Khan, who was in London on a brief visit to promote his
latest film, told Reuters in an interview that while "Fan" had a
theme song, it did not actually feature in the movie and had
been used purely for trailers.
"The younger filmmakers and everyone, they know that, you know,
we donít need to just shove in a song anymore," he said.
"I donít think itís going to take away. Itíll take a lot of time
to take the songs out of us, but every film will have a
different requirement,Ē he said.
Bollywood films traditionally have had complex musical scores
and film makers have rarely resisted the temptation to insert a
song and dance sequence into a film. Some films' success rates
have been dependent more on the music than the plot.
Khanís latest film, which is being released globally on Friday,
sees the actor playing a double role in which a lookalike fan is
obsessed with a film star.
On Wednesday, Khan revealed a waxwork model dressed as the
lookalike fan, Gaurav, at Madame Tussauds museum in central
When asked if he had ever met his lookalike in person, he said
many fans often dressed like him.
"I'm a very common looking guy. I have a person who dresses up
like me and they all wear dark glasses so they're kind of
similar and they speak like me, in Kolkata. I have a boy called
Prashant in Mumbai. I meet lots of lookalikes. Even on Twitter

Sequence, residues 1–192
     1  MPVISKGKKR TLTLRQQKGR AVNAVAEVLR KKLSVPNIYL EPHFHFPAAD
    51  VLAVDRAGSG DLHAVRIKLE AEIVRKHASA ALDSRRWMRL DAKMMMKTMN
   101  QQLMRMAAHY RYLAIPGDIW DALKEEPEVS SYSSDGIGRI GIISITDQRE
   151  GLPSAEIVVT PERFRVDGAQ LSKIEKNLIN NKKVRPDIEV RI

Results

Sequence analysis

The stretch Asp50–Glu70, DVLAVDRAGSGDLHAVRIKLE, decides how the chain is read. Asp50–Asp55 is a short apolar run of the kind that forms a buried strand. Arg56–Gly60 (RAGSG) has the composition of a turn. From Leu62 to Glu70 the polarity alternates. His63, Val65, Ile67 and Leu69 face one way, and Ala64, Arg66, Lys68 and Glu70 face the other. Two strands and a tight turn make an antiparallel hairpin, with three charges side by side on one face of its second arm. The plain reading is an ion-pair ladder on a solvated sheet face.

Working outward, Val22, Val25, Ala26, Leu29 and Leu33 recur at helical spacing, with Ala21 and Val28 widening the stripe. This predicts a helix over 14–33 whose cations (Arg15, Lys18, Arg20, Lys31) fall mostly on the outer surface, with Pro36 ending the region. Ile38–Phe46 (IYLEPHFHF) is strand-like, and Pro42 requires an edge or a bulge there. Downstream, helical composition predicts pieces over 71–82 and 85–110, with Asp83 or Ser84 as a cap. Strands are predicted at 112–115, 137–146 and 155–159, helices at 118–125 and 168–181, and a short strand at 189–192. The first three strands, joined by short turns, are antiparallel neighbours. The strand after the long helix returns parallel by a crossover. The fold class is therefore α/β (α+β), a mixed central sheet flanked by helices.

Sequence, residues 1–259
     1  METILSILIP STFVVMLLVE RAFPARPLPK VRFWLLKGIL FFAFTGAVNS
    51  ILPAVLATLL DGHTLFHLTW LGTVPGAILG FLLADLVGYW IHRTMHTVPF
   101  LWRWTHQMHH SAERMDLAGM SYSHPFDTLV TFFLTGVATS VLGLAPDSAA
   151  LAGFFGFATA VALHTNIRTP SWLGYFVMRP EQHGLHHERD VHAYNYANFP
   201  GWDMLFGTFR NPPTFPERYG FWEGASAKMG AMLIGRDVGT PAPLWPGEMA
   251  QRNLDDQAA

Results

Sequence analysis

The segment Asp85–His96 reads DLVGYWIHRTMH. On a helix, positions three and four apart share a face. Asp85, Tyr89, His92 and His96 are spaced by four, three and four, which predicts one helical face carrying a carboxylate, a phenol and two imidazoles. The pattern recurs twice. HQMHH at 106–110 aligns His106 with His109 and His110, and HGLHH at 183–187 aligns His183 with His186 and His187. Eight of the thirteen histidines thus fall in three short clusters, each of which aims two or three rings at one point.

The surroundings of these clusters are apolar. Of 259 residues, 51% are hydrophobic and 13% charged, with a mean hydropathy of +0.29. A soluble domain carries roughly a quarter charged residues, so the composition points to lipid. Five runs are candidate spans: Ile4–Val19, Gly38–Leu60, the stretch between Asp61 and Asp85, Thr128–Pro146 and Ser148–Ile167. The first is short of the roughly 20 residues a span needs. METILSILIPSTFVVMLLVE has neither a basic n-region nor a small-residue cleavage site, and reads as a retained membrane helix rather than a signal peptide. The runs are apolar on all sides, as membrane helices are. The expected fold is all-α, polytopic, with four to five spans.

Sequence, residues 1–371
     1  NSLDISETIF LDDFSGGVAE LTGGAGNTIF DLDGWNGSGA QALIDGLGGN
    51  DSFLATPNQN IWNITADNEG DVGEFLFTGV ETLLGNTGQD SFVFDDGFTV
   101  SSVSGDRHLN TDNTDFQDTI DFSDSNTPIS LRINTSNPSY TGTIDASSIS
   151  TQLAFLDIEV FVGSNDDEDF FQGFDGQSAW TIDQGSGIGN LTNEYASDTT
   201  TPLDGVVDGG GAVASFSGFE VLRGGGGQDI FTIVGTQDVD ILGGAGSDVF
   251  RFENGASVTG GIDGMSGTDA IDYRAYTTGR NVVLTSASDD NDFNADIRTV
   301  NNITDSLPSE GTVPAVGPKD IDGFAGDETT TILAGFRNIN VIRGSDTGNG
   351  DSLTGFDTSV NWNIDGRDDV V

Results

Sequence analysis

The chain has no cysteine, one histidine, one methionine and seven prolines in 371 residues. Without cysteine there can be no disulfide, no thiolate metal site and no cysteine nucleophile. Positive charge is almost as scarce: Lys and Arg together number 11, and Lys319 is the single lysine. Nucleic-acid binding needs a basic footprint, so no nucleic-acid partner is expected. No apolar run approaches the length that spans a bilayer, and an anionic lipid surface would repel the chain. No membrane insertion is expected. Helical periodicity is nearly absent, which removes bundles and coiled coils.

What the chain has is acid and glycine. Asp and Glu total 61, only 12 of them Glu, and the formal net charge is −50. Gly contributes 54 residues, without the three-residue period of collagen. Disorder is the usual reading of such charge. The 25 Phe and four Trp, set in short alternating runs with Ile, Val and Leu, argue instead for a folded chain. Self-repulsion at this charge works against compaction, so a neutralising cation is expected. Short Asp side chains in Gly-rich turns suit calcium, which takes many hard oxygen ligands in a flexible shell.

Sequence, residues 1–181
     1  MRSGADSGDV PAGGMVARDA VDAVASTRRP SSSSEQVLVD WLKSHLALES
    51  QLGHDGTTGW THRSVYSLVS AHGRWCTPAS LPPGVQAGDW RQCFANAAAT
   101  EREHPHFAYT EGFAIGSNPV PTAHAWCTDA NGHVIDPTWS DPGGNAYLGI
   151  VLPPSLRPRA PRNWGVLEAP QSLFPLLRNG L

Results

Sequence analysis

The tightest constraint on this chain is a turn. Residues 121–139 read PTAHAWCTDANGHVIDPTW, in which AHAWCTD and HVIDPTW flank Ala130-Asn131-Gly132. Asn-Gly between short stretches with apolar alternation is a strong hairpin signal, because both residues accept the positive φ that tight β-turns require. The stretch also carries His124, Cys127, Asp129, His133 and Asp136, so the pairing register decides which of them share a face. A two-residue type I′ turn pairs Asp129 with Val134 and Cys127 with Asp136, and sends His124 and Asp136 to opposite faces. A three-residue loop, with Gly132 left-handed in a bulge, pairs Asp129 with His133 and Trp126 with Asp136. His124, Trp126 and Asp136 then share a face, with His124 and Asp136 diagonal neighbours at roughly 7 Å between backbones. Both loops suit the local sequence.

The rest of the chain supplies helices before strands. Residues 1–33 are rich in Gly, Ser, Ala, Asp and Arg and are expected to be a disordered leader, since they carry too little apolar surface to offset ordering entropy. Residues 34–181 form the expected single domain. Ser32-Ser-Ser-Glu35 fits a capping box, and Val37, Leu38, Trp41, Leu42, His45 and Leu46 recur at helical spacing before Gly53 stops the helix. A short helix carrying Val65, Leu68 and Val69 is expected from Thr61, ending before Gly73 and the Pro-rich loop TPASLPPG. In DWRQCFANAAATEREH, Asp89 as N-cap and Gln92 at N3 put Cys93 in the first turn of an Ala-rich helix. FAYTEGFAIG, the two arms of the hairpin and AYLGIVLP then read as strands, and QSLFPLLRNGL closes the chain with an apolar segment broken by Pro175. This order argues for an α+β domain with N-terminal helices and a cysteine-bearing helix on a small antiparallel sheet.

if you go, there's people who dress up. Before my eye surgery, I
would confuse lots of them for my own pictures."
[to top of second column]
The 50-year-old actor said he enjoyed using social media platforms
to engage with his admirers. Khan has 19 million followers on
Twitter and said he reads 90 percent of the content directed at him.
However, the actor said he had shied away from using other platforms
after his daughter criticized his pictures on Instagram, saying he
was using too many color filters on his images.
Khan, who has been acting for more than two decades, is regarded as
a pioneer in the Indian film industry for experimenting with using
graphics and special effects in his films. The makeup for his
character Gaurav was done by the same artist who created Brad Pittís
look in the 2008 film "The Curious Case of Benjamin Button".
But when asked about making animation movies, Khan said Bollywood
was at least another five to 10 years away from embracing the genre.
"It requires special writing. I think we haven't perfected that art
in India. So we need writers and screenplay writers for an
animation, I think from the West," he said.
"Animation in India so far has not done very well. I think we still
need to crack the code.Ē
(Editing by Hugh Lawson)
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